A telltale sign of business’s influence is the drive for uniformity. One of the selling points of the Danielson Framework was that it can be applied to all teachers, pre-K through 12th grade, and even professionals outside the classroom, like librarians and nurses. Its one-size-fits-all is efficient (sounding) and therefore appeals to legislators. Danielson is just one example, however. We see it everywhere. Teaching consultants who offer a magic bullet that will guarantee all students will learn, no matter the subject, grade level, or ability. Because, of course, teaching kindergarteners shapes is the same as teaching high school students calculus. Special education and physical education … practically the same thing (they sound alike, after all). Art and band … peas in a pod (I mean, playing music is a fine art, isn’t it? Duh.).

And the drive for uniformity has not been limited to K-12 education. Universities have been infected, too. All first-year writing students must have the same experience (or so it seems): write the same essays, read the same chapters in the same textbook, have their work evaluated according to the same rubric, etc., etc. Even syllabi have to be uniform: they have to contain the same elements, in the same order, reproduce the same university policies, even across departments. The syllabus for a university course is oftentimes dozens of pages long, and only a very small part of it is devoted to informing the students what they need to do from week to week. The rest is for accreditation purposes, apparently. And the uniformity in requirements and approaches helps to generate data (which outcomes are being achieved, which are not, that kind of thing).

It all looks quite scientific. You can generate spreadsheets and bar graphs, showing where students are on this outcome versus that outcome; how this group of students compares to last year’s group; make predictions; justify (hopefully) expenditures. It’s the equivalent of the much-publicized K-12 zeal for standardized testing, which gives birth to mountains of data — just about all of which is ignored once produced, which is just as well because it’s all but meaningless. People ignore the data because they’re too busy teaching just about every minute of every day to sift through the voluminous numbers; and the numbers are all but meaningless because they only look scientific, when in fact they aren’t scientific at all. (I’ve written about this, too, in my post “The fallacy of testing in education.”)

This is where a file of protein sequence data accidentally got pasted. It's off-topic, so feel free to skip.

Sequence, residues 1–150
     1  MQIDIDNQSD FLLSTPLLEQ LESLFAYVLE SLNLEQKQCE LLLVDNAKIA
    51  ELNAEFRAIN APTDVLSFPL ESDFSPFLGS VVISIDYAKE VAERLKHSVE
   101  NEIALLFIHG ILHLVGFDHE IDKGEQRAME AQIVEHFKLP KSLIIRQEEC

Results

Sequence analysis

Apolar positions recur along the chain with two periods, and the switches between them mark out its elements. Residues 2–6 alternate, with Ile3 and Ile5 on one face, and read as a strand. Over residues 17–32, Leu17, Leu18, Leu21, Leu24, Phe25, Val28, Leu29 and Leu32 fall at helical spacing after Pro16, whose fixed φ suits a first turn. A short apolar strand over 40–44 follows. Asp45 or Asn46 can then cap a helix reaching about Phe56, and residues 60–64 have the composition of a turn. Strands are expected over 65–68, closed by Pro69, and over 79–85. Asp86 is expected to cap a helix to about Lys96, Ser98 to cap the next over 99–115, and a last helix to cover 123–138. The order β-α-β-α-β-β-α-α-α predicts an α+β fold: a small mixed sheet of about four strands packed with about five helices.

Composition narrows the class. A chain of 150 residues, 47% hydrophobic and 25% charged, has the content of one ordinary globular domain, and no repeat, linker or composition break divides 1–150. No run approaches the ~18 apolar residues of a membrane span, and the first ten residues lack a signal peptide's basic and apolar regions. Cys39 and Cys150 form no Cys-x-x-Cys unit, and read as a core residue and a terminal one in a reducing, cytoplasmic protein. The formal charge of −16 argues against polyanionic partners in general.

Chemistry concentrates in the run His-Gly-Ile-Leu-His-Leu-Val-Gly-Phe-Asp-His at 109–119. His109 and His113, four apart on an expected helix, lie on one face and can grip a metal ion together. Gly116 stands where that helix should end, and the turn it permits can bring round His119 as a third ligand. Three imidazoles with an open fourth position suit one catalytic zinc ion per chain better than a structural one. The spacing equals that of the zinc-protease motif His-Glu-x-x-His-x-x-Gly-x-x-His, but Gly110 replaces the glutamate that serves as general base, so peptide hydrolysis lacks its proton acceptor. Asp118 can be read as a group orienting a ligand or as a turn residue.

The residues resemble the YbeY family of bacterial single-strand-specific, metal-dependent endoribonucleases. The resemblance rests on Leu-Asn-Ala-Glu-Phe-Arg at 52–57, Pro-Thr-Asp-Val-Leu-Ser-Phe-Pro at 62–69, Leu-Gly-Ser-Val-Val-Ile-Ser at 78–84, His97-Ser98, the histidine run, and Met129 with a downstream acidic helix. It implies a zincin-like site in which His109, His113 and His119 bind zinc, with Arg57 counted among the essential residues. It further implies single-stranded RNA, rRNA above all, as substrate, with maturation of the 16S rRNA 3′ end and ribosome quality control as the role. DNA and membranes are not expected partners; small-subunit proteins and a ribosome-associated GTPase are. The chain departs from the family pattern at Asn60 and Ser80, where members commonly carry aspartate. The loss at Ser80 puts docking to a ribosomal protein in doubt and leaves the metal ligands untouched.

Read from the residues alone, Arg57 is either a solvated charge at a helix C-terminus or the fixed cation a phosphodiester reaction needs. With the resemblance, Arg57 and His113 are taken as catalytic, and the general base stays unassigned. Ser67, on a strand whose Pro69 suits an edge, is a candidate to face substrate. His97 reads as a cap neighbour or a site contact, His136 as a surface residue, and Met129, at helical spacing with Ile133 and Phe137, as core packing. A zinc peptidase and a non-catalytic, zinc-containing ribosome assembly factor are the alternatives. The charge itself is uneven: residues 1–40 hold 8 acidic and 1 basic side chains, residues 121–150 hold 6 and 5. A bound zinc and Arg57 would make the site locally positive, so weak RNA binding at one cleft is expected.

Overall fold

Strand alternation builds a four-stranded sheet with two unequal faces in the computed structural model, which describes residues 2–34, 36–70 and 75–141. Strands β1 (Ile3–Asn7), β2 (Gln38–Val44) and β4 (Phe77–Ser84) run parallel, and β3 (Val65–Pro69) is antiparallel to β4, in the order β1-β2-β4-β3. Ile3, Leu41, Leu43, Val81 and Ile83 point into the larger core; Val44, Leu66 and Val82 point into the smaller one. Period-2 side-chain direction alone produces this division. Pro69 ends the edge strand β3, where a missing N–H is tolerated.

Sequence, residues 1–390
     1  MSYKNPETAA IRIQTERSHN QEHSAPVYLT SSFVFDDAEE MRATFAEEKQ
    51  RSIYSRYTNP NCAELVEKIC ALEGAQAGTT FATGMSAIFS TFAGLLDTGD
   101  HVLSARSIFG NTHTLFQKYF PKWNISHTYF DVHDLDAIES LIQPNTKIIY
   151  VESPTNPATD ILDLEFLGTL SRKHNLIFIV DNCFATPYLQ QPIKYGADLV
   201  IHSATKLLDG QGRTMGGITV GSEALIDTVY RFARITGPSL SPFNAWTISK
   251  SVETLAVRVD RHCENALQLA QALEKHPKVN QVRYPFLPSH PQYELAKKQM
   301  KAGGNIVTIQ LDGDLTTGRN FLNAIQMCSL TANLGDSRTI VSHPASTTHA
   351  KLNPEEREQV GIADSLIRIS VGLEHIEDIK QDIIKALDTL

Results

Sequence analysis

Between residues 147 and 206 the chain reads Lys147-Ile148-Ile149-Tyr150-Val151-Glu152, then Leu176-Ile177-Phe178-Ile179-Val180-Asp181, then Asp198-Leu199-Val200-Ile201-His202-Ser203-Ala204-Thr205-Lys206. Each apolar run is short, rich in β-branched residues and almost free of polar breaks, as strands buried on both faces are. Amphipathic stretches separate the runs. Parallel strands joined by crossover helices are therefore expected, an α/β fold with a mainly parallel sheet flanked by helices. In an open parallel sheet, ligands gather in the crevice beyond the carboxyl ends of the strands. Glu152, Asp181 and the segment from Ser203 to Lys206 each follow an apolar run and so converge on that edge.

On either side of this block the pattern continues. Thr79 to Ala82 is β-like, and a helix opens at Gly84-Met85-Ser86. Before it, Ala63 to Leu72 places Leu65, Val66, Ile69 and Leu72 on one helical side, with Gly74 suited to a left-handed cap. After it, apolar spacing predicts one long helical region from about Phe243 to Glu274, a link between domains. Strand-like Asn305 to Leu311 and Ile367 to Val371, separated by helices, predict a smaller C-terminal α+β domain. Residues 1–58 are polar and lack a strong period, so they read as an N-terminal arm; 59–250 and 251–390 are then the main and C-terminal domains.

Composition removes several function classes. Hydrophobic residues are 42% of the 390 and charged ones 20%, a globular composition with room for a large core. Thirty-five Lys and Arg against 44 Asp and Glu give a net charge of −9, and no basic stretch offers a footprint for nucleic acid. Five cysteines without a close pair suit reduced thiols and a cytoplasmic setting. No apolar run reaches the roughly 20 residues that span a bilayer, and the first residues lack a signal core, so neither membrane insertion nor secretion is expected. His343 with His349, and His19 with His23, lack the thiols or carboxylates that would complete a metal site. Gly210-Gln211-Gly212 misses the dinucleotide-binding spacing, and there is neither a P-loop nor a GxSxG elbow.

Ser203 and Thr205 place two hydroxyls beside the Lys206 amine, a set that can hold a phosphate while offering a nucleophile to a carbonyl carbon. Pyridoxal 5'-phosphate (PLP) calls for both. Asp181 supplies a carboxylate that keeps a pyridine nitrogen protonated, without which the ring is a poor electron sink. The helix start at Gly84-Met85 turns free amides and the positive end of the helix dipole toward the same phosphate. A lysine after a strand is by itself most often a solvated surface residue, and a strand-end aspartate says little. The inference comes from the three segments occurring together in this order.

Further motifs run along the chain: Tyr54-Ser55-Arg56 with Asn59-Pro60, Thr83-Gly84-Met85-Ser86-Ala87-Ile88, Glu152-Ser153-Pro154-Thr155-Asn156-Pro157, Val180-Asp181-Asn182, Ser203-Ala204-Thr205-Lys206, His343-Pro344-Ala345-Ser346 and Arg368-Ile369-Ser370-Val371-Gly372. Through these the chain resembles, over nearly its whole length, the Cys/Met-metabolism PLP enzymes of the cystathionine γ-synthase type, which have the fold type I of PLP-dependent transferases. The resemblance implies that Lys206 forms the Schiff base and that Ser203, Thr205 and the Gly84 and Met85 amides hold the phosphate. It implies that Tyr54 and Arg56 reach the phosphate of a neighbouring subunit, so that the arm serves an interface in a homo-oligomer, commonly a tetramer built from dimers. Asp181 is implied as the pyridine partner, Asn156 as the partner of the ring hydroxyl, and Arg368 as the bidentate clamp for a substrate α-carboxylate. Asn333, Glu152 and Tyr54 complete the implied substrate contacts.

But this post isn’t about any of those things either.

It’s about the irony of uniformity, or the paradox of it, as I call it in my title. Concurrent with the business-based drive for uniformity has been the alleged drive for higher standards: more critical thinking, increased expectations, a faster track to skill achievement. Yet uniformity is the antithesis of higher standards. We’re supposed to have more rigor in our curricula, but coddle our charges in every other way.

We can’t expect students to deal with teachers who have varying classroom methods. We can’t expect them to adjust to different ways of grading. We can’t expect them to navigate differences in syllabi construction, teacher webpage design, or even the use of their classroom’s whiteboard. We can’t expect students to understand synonyms in directions, thus teachers must confine themselves to a limited collection of verbs and nouns when writing assignments and tests (for instance, we must all say “analyze” in lieu of “examine” or “consider” — all those different terms confuse the poor darlings). This is a true story: A consultant who came to speak to us about the increased rigor of the PAARC exam also advised us to stop telling our students to “check the box” on a test, because it’s actually a “square” and some students may be confused by looking for the three-dimensional “box” on the page. What?

But are these not real-world critical-thinking situations? Asking students to adapt to one teacher’s methodology versus another? Requiring students to follow the logic of an assignment written in this style versus that (or that … or that)? Having students adjust their schoolwork schedules to take into account different rhythms of due dates from teacher to teacher?

How often in our post-education lives are we guaranteed uniformity? There is much talk about getting students “career-ready” (another business world contribution to education), yet in our professional careers how much uniformity is there? If we’re dealing with various customers or clients, are they clones? Or are we expected to adjust to their personalities, their needs, their pocketbooks? For that matter, how uniform are our superiors? Perhaps we’re dealing with several managers or owners or execs. I’ll bet they’d love to hear how we prefer the way someone else in the organization does such and such, and wouldn’t they please adjust their approach to fit our preferences? That would no doubt turn into a lovely day at work.

I’ve been teaching for 33 years, and over that time I’ve worked under, let’s see, seven building principals (not to mention different superintendents and other administrators). Not once has it seemed like a good idea to let my current principal know how one of his predecessors handled a given situation in the spirit of encouraging his further reflection on the matter. Clearly I am the one who must adapt to the new style, the new approach, the new philosophy.

These are just a few examples of course. How much non-uniformity do we deal with every day, professionally and personally? An infinite amount is the correct answer. So, how precisely are we better preparing our students for life after formal education by making sure our delivery systems are consistently cookie-cutter? We aren’t is the correct answer. (Be sure to check the corresponding squares.)

Education has made the mistake of allowing Business to infect it to the core (to the Common Core, as a matter of fact). Now Business has taken over the White House, and it’s taken over bigly.

But this blog post isn’t about that.